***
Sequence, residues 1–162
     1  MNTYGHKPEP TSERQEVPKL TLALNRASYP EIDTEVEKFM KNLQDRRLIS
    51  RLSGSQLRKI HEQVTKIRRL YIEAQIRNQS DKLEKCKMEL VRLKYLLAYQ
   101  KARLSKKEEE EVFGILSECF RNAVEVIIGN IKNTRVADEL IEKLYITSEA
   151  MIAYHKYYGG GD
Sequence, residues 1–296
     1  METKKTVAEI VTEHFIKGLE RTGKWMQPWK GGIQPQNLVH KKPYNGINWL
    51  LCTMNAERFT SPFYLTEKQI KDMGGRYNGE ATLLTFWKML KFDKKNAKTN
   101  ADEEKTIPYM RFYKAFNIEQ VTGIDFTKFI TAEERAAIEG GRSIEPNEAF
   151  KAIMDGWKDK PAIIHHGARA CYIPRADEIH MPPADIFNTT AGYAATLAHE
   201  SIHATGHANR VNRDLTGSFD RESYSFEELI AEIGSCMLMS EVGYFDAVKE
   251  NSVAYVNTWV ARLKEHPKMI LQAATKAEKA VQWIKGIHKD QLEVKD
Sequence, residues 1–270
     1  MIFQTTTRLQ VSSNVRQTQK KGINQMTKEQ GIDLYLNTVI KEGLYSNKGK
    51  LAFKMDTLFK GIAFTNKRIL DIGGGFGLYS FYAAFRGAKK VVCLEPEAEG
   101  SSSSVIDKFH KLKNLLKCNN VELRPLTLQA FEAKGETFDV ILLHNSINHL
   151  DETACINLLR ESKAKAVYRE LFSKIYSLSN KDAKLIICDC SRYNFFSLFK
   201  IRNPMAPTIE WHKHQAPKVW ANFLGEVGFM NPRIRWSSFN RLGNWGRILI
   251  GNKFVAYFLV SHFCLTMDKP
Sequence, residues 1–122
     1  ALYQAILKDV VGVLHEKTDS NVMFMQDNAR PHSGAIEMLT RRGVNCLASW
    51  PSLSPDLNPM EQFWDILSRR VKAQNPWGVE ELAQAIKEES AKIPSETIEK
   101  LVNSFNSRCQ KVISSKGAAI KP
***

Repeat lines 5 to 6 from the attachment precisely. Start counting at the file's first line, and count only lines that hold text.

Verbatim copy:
   151  MIAYHKYYGG GD
Sequence, residues 1–296